A new bill in the California Assembly has the potential to alter substantially the existing legal framework of products liability for online retailers. Assembly Bill No. 1182 (“AB 1182”), which was introduced on February 18, 2021, would impose strict products liability on online retailers who (1) communicate offers of sale and (2) facilitate payment between a third-party seller and a purchaser, even if the online retailer never takes physical possession of the product.
The bill, similar to one that passed the Assembly last year before stalling in the State Senate, was likely inspired by the recent California Court of Appeals decision in Bolger v. Amazon.com, LLC, 53 Cal. App.5th 431 (Cal. Ct. App. 2020). In Bolger, the plaintiff had purchased a laptop computer battery from a third-party seller advertising on Amazon’s platform. Amazon collected payment from the plaintiff and shipped the battery to her from its warehouse in Amazon packaging. The plaintiff alleged that she was severely burned when the battery exploded several months later. She then sued Amazon and several other defendants asserting causes of action for strict products liability and negligence. Amazon moved for summary judgment, arguing that its website was an “online marketplace” so the doctrine of strict products liability did not apply to it because it did not “distribute, manufacture, or sell the product in question.” The trial court agreed and granted Amazon’s motion.
The California Court of Appeals reversed the decision, calling Amazon a “powerful intermediary” with control over both the product and the transaction. The court concluded that imposing strict liability afforded “maximum protection to the injured plaintiff” while working no injustice on the defendants, “for they can adjust the costs of such protection between them in the course of their continuing business relationship.” The California Supreme Court has refused to review the decision.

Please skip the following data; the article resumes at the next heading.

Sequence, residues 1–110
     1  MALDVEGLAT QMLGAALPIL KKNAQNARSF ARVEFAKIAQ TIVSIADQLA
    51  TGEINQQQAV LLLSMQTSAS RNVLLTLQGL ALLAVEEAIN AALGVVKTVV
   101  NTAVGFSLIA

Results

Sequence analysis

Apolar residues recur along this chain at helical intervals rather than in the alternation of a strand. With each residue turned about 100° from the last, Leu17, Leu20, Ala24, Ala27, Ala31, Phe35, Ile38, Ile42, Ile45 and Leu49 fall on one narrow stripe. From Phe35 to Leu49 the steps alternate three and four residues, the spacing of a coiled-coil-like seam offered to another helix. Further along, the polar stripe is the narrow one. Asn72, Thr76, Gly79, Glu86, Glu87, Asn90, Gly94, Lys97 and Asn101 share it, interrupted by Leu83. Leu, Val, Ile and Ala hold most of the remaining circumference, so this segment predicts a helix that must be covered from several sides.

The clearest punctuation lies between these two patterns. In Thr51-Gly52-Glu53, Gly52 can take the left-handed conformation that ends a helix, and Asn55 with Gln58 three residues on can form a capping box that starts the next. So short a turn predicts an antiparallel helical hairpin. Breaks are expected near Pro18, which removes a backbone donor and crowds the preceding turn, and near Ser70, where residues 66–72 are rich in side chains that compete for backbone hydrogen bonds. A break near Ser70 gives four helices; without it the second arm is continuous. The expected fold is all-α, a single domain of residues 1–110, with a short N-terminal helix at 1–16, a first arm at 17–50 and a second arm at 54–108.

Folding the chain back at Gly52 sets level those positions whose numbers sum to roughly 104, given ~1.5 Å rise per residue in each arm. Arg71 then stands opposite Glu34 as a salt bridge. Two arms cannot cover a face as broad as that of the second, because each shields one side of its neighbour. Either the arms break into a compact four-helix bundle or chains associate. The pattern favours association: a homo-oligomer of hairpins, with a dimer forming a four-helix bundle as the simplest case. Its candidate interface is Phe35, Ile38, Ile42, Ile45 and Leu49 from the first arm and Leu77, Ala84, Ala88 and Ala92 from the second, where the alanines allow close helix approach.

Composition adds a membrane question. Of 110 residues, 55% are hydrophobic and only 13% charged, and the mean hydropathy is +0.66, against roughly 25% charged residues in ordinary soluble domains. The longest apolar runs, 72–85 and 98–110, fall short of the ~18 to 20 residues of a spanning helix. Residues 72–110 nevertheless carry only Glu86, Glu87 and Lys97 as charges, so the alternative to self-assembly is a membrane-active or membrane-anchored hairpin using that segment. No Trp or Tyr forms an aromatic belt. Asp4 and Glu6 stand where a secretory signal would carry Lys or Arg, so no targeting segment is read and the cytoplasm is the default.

In one respect, AB 1182 would partially codify the Bolger decision and would impose strict liability on an “electronic place” that communicates an offer of sale a between a third party and a purchaser and processes payment for the sale “to the same extent as a retailer would be liable for selling the defective product in the retailer’s physical store.”
More importantly, however, AB 1182 would also expand on the rule announced in Bolger and impose strict liability even if the online retailer never has physical possession of the product. As discussed above, the laptop battery at issue in Bolger had actually been stored in Amazon’s physical warehouse—a fact the Court of Appeals appeared to find compelling. However, if AB 1182 passes as currently drafted, that distinction would be meaningless.
Given its potential to alter dramatically the products liability landscape in California, AB 1182 should be on every online retailer’s radar. Even retailers who currently follow a dropship model—simply advertising and selling third party products and leaving the design, manufacture, storage, and shipping of those products to those third parties—could be held strictly liable. And regardless of the outcome of AB 1182, the bill serves as an important reminder that online retailers should carefully review their supply contracts to assess indemnity and risk-shifting provisions as well as vet suppliers’ product safety policies and track records.
AB 1182 will next move to committee. The full bill can be viewed here.